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An Inside Look: The Heated Nassau Police Precinct Debate


Nassau Police First Deputy Thomas Krumpter, Deputy County Executive Rob Walker and Dale testify before lawmakers and the public. (Jon Sasala/Long Island Press)

NOT SO FAST


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A comparison of year-to-date crime statistics from the week ending Jan. 31, 2011 and the week ending Jan. 30, 2012 shows that all major crime reports in the county are up approximately 27 percent. Total burglaries are up approximately 71 percent. Residential burglaries rose by approximately 118 percent.

The proposed closure of precincts, critics charge, will drive those numbers higher.

Legis. Denenberg, a member of the county’s public safety committee, blames the documented rise in the number of crimes due, in part, to a reduction in patrols by specialized units—such as the Nassau Heroin Task Force, which was disbanded; the POP unit, which saw a reduction in the number of officers, from four to one in each precinct; undercover Crime Section investigators; the Motorcycle unit; Canine; Anti-Crime and Gang Suppression; DWI patrol; and Bureau of Special Operations, among others. He believes the already-declining number of cops on the street, has, in part, contributed to the “increase in violent crime from problems with prescription drug addition, to home invasions of seniors to armed burglaries.”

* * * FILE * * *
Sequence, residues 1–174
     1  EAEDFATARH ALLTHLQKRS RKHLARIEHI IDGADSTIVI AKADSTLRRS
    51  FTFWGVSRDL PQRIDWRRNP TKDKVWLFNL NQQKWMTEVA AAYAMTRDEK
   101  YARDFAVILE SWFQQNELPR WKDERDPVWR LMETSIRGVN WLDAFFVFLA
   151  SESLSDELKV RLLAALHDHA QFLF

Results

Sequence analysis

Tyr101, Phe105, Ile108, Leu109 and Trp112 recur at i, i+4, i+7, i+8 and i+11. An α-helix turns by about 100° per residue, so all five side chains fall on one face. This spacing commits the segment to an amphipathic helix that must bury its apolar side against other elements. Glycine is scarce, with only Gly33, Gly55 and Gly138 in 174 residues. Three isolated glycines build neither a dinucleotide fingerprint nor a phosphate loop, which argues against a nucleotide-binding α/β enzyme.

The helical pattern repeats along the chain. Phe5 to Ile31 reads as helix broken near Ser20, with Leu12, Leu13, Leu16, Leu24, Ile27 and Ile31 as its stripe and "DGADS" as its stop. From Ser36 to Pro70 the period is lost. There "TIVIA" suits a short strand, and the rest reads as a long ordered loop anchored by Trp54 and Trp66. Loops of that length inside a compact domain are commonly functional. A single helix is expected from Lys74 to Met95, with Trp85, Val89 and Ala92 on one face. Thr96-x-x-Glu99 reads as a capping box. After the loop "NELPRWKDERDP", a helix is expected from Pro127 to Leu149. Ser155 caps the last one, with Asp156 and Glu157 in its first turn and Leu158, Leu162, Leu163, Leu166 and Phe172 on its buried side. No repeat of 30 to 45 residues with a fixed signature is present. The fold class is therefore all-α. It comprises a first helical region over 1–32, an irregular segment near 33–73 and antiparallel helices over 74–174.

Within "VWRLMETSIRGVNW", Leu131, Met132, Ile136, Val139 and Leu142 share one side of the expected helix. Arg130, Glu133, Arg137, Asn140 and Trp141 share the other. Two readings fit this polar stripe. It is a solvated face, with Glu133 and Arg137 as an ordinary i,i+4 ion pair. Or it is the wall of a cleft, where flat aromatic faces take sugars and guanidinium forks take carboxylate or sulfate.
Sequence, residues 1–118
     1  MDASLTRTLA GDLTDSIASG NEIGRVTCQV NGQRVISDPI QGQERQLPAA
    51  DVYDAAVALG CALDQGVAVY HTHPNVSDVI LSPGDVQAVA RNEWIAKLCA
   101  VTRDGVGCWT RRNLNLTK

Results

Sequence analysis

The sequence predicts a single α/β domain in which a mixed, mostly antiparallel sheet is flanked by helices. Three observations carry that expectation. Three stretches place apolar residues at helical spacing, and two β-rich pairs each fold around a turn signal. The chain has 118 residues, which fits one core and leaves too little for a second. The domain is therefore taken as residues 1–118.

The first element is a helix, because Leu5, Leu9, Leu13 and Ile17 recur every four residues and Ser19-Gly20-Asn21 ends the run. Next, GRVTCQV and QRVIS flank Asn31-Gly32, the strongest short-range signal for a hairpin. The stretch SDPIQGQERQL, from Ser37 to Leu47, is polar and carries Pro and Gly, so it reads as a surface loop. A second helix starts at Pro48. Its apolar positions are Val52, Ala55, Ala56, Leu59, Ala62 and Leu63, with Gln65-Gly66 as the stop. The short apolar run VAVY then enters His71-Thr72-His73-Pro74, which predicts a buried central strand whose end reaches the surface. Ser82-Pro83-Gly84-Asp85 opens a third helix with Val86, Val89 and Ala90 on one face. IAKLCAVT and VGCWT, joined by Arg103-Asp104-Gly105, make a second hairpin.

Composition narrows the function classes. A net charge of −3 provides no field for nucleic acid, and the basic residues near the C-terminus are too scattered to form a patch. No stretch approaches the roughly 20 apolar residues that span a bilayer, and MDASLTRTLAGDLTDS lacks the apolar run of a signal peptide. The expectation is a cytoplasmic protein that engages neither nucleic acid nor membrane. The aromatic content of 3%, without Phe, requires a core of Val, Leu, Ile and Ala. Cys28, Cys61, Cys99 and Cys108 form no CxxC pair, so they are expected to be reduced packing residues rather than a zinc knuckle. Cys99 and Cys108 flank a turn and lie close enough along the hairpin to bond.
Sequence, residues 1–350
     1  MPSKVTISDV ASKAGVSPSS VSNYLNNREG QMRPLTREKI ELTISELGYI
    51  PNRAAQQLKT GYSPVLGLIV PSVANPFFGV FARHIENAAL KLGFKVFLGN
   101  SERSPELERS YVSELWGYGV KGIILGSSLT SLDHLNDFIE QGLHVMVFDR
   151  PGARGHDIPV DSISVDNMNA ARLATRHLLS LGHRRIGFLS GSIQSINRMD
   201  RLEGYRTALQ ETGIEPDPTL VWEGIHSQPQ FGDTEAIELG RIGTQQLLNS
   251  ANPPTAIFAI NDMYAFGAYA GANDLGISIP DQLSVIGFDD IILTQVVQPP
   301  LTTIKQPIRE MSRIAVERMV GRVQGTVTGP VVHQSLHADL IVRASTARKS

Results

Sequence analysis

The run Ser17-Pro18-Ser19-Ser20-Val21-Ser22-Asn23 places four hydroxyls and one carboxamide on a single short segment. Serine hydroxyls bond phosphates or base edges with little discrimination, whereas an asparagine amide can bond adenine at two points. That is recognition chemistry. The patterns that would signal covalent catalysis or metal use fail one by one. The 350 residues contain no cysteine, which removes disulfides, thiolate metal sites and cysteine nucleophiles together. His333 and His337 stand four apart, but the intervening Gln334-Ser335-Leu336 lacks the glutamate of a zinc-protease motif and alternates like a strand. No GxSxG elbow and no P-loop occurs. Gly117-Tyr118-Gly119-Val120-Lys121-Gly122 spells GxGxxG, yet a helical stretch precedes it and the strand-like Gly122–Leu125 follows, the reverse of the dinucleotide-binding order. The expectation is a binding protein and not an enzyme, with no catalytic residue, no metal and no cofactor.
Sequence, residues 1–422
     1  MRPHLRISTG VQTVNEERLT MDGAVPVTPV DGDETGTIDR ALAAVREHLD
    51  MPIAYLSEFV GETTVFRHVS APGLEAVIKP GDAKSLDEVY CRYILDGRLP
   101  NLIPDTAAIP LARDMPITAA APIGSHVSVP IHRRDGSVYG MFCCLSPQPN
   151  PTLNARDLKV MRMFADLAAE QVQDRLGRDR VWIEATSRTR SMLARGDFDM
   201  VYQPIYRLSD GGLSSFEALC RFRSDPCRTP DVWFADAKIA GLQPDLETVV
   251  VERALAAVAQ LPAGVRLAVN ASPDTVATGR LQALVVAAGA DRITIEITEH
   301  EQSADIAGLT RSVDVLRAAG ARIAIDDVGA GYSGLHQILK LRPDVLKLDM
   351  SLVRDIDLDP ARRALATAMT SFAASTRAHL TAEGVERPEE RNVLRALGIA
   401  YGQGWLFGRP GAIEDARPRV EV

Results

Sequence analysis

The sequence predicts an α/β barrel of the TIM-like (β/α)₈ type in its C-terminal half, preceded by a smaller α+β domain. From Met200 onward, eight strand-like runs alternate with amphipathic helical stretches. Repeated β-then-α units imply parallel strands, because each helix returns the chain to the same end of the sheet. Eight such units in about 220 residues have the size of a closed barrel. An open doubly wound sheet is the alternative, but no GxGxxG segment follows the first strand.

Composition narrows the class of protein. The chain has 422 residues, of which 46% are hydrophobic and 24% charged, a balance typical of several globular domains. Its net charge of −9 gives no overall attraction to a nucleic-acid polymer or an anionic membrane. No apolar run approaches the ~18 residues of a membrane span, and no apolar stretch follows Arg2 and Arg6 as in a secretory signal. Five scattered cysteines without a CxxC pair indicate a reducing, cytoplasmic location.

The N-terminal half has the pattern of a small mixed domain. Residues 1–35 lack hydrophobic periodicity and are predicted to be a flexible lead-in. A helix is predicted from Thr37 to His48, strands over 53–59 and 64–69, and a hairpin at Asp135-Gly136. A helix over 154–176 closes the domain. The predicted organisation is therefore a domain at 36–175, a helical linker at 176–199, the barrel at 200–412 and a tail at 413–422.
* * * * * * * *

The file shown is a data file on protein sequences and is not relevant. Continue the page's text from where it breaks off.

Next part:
Denenberg adds that closing precincts now would only make things worse:

“To say the people won’t know the difference because half those precincts will have two cops and be community response centers, you know what? The criminals will know the difference.”

With the police department down more than 300 officers in just two years—now at its lowest headcount since the late 1940s, say police union officials—Nassau Police Benevolent Association President James Carver sees Mangano’s move as just another way to “decimate” the department.

“Violence against police officers is increasing as the economy fails to recover,” he says. “People are getting more desperate out there. There are more drugs, as seen in the pharmacy robberies, than ever.”

While Mangano says there will be the same amount of patrol cars, Carver counters that units backing these cars up has been eliminated. He adds that in order to combat the increasing burglary problem, instead of having those backup patrols, the department decided “the way to combat it was to put a marked unmanned car to deter burglaries. They just park it on the street and leave.”

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